SAA rethinks seatbelt policy after a passenger’s humiliating experience
A frequent passenger had asked for a seatbelt extension, and when she hadn’t received one by the time the aircraft started to taxi to the runway‚ it had to turn back
South African Airways (SAA) is to review its seatbelt extension procedures after one passenger’s humiliation when an aircraft had to "return to ramp" because it had failed to provide her with a suitable belt.
When Pretoria-based Kabelo Seitei‚ a frequent flyer‚ boarded a flight in Cape Town in August 2016‚ she asked the cabin controller for a seatbelt extension and was told one would be brought to her.
When that had not happened by the time the aircraft started to taxi to the runway‚ she alerted the cabin attendant and the aircraft turned back. It is a requirement of the South African Civil Aviation Authority that every passenger be secured for take-off and landing.
After a half-hour wait‚ an attendant clutching a bright orange extension strode down the aisle‚ stopping at row 28 to fasten it around Seitei.
And then came an announcement which Seitei‚ an English moderator with the Department of Education‚ remembered as: "We are dealing with some obese cases on board and therefore had to go back to find extension belts‚ we don’t usually need them on this flight out of Cape Town…."
The airline’s customer care department failed to investigate Seitei’s e-mailed complaint at the time‚ and she got no response when she re-sent that e-mail in January.
Responding to TimesLIVE’s query last week‚ SAA’s head of media relations‚ Tlali Tlali‚ said the airline’s policy was to have two seatbelt extensions on board "narrow-bodied" aircraft such as the Airbus in question‚ and five on "wide-bodied" aircraft.
"Prior to aircraft doors closing‚ should the crew identify that additional extension seat belts are required for the flight‚ they can be requested‚" he said.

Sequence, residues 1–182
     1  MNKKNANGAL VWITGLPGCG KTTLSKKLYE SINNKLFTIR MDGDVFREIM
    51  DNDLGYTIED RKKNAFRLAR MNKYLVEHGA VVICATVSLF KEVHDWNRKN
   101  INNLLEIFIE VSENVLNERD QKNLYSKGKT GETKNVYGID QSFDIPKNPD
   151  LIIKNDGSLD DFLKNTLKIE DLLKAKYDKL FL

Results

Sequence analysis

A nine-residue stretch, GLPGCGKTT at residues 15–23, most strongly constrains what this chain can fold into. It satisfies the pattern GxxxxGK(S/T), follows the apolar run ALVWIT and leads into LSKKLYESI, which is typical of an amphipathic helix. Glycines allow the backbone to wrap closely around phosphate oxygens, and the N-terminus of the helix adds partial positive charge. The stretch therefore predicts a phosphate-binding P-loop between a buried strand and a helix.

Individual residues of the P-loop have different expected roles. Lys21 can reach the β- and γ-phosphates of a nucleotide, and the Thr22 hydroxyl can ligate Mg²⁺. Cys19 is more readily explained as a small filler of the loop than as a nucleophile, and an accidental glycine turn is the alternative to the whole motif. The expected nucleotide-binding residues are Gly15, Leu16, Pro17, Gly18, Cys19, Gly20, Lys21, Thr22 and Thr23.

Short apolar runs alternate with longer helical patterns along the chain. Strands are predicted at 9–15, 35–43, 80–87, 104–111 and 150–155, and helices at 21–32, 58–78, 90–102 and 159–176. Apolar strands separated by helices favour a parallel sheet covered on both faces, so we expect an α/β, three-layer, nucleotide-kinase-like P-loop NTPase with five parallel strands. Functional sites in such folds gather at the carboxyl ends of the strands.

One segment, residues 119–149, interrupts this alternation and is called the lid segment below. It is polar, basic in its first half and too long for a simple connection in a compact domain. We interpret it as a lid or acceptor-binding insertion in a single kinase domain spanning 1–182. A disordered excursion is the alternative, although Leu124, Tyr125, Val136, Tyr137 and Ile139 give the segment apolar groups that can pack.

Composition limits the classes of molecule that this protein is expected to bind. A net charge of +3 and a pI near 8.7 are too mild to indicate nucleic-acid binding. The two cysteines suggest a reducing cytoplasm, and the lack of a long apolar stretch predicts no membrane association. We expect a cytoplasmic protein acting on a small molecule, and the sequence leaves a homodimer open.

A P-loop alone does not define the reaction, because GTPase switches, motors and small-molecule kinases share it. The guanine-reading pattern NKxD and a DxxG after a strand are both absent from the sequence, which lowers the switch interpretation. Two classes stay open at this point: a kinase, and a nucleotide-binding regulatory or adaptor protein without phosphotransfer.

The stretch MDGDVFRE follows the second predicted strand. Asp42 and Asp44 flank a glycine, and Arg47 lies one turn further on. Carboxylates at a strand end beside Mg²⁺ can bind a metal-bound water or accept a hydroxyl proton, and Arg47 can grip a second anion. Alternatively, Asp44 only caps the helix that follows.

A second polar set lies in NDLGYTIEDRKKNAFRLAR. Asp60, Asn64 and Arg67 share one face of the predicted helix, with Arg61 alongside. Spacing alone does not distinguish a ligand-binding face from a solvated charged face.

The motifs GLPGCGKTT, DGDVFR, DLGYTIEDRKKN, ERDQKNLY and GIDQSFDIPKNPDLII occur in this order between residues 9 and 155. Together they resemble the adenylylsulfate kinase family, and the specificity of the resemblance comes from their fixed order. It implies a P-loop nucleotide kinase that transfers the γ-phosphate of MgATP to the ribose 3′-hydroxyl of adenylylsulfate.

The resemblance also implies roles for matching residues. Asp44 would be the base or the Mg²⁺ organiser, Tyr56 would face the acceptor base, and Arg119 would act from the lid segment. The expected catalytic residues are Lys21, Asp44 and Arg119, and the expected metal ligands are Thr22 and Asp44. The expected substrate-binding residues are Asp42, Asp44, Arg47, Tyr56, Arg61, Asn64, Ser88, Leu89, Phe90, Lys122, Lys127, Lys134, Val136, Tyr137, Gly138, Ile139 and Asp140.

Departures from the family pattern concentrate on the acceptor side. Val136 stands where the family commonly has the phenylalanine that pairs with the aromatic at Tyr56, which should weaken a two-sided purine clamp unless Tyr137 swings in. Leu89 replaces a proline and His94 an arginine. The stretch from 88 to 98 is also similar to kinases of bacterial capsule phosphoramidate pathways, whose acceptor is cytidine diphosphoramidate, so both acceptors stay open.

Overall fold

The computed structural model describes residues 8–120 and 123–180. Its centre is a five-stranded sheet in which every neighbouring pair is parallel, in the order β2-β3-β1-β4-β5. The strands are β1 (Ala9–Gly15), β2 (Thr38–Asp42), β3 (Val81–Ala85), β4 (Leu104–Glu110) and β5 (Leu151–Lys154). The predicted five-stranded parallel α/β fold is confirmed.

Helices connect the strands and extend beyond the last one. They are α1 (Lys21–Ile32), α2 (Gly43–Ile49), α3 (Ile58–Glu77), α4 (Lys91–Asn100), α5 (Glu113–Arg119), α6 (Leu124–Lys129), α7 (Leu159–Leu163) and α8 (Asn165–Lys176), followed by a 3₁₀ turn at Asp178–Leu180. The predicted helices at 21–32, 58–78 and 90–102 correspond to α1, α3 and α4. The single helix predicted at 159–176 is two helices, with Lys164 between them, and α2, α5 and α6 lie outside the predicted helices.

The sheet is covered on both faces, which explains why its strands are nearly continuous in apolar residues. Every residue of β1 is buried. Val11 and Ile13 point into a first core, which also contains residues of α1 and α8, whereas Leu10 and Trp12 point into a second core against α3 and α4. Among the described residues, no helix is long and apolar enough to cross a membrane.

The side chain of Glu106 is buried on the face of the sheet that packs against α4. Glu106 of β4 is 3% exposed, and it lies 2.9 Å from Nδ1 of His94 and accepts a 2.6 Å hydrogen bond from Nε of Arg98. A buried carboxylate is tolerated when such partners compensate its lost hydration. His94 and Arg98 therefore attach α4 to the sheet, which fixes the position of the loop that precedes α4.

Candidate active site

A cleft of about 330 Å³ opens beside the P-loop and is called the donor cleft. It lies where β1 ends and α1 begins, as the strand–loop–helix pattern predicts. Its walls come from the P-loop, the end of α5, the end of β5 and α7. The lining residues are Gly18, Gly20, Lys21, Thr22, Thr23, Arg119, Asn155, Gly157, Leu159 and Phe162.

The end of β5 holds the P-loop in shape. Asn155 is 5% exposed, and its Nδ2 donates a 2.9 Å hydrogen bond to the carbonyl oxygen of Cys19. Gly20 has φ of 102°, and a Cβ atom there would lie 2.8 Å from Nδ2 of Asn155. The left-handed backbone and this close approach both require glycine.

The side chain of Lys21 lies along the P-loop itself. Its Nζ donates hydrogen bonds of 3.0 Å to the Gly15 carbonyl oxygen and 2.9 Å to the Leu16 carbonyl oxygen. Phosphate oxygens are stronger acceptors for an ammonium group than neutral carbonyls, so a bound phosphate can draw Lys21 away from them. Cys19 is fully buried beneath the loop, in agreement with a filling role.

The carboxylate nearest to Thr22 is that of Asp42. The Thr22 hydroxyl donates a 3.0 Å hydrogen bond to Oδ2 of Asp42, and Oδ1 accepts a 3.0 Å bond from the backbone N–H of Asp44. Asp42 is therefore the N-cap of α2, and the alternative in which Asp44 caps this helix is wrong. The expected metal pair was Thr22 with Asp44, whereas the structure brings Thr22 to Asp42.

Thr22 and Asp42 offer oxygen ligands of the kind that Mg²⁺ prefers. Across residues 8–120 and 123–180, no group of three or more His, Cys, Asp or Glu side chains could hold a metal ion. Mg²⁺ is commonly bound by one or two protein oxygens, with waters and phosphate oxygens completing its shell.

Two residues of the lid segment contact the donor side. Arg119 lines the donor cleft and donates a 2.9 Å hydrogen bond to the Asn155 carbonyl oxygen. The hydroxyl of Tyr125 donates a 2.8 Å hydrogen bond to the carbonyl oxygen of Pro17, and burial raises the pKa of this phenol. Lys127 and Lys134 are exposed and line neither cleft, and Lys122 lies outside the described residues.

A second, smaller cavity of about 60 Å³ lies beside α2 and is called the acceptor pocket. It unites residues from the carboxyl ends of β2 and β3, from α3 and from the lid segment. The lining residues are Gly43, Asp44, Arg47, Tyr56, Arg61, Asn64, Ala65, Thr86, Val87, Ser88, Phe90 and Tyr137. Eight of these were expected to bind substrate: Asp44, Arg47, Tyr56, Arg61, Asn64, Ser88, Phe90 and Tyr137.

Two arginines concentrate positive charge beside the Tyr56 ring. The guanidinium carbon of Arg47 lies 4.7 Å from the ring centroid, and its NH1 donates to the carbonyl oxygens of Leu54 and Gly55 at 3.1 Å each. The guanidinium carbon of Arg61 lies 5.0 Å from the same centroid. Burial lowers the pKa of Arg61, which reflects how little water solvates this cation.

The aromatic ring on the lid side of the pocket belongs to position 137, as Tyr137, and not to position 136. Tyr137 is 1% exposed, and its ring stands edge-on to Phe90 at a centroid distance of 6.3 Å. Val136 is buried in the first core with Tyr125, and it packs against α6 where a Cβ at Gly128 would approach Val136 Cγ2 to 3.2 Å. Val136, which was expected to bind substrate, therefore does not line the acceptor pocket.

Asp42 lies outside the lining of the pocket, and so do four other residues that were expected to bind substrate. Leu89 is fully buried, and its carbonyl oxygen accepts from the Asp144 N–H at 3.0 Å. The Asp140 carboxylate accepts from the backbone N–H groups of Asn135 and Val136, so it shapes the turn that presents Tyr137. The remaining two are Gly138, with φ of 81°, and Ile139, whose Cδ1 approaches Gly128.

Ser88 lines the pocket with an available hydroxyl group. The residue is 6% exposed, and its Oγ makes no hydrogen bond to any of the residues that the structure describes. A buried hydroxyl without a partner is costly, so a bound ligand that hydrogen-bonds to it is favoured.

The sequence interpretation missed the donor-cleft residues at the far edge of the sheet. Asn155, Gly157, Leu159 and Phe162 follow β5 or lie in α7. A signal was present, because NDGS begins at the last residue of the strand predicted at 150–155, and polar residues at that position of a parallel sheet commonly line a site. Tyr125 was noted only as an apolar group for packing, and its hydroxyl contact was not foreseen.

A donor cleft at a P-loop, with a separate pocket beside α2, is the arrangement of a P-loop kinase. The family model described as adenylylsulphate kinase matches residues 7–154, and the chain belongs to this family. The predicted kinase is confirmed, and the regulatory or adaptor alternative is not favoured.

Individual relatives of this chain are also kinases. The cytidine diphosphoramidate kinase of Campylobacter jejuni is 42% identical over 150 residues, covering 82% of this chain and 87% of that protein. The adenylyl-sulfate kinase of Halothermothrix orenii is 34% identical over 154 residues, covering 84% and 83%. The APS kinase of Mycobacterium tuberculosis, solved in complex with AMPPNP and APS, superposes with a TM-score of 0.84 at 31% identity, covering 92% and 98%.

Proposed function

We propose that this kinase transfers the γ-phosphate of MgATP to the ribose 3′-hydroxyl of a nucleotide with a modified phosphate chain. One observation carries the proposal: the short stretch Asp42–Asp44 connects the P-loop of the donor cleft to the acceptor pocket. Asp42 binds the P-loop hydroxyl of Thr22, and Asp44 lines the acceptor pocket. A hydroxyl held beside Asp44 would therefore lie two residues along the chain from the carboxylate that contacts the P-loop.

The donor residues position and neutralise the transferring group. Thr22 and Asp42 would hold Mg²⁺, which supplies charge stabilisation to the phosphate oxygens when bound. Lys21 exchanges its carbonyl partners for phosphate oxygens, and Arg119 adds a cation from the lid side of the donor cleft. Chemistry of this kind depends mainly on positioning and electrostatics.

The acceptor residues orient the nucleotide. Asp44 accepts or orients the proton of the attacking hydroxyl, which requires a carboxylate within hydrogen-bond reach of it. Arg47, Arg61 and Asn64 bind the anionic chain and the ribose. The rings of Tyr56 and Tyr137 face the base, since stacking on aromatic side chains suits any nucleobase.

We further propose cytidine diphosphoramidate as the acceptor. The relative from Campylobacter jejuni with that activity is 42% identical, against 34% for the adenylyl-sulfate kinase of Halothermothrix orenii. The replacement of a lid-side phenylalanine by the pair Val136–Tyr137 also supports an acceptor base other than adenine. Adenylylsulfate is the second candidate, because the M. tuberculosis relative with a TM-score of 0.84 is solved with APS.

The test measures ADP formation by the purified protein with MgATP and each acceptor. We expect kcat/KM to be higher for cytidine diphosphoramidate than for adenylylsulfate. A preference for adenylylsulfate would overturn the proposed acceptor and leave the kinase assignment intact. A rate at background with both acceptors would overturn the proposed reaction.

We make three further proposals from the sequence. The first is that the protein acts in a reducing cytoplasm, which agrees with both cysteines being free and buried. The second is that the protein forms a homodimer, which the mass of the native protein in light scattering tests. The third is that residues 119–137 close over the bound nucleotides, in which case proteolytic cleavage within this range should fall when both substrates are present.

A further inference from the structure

The two extensions on board that flight were given to other passengers‚ but "there was oversight" on the crew’s part with respect to Seitei’s request‚ Tlali said.
Her experience called for a review of SAA’s pre-departure procedures "to improve overall travel experience and the efficiencies of our operations", Tlali said.
Asked if the airline would consider asking passengers to indicate when making a booking whether they required a seatbelt extension‚ he said: "We are looking at the viability of different options to ensure required compliance levels. Your suggestion is but one option."
Given that SA has one of the highest obesity rates in the world‚ other airlines were asked how they catered for passengers who did not fit into standard seatbelts‚ whether they had ever not had enough to meet the demand on a flight‚ and whether they would consider asking passengers to indicate when making a booking if they required a seatbelt extension.
Here is how they responded:
Comair (British Airways and Kulula):
"Each aircraft carries 10 extension seatbelts. Yes‚ we have run out. When this happens we note the passenger’s seat number and notify the ramp controller who arranges for more extension belts to be brought to the aircraft. This is all done behind the scenes and before the aircraft doors close‚ to avoid any embarrassment on the customer’s behalf," Comair customer relations spokesperson Natashia Schoeman said
"We don’t ask customers to declare their need for an extension belt when booking as this would be discriminating to them."
"We keep five extensions and 20 infant loops on each aircraft‚ and the latter can be adapted for use as extensions. We’ve never had to use them all," head of sales and distribution Kirby Gordon said..
"If we did see the demand for these extensions increase‚ we would probably stock more on board before asking on the website‚ as people are sometimes a little shy about these things‚ or perhaps aren’t sure if the standard belt will get around them."
"Our on-board standard equipment includes more than enough seat extension belts in every aircraft. We have never had a problem in providing the extenders because we didn’t have enough," said Pumla Luhabe‚ GM of commercial.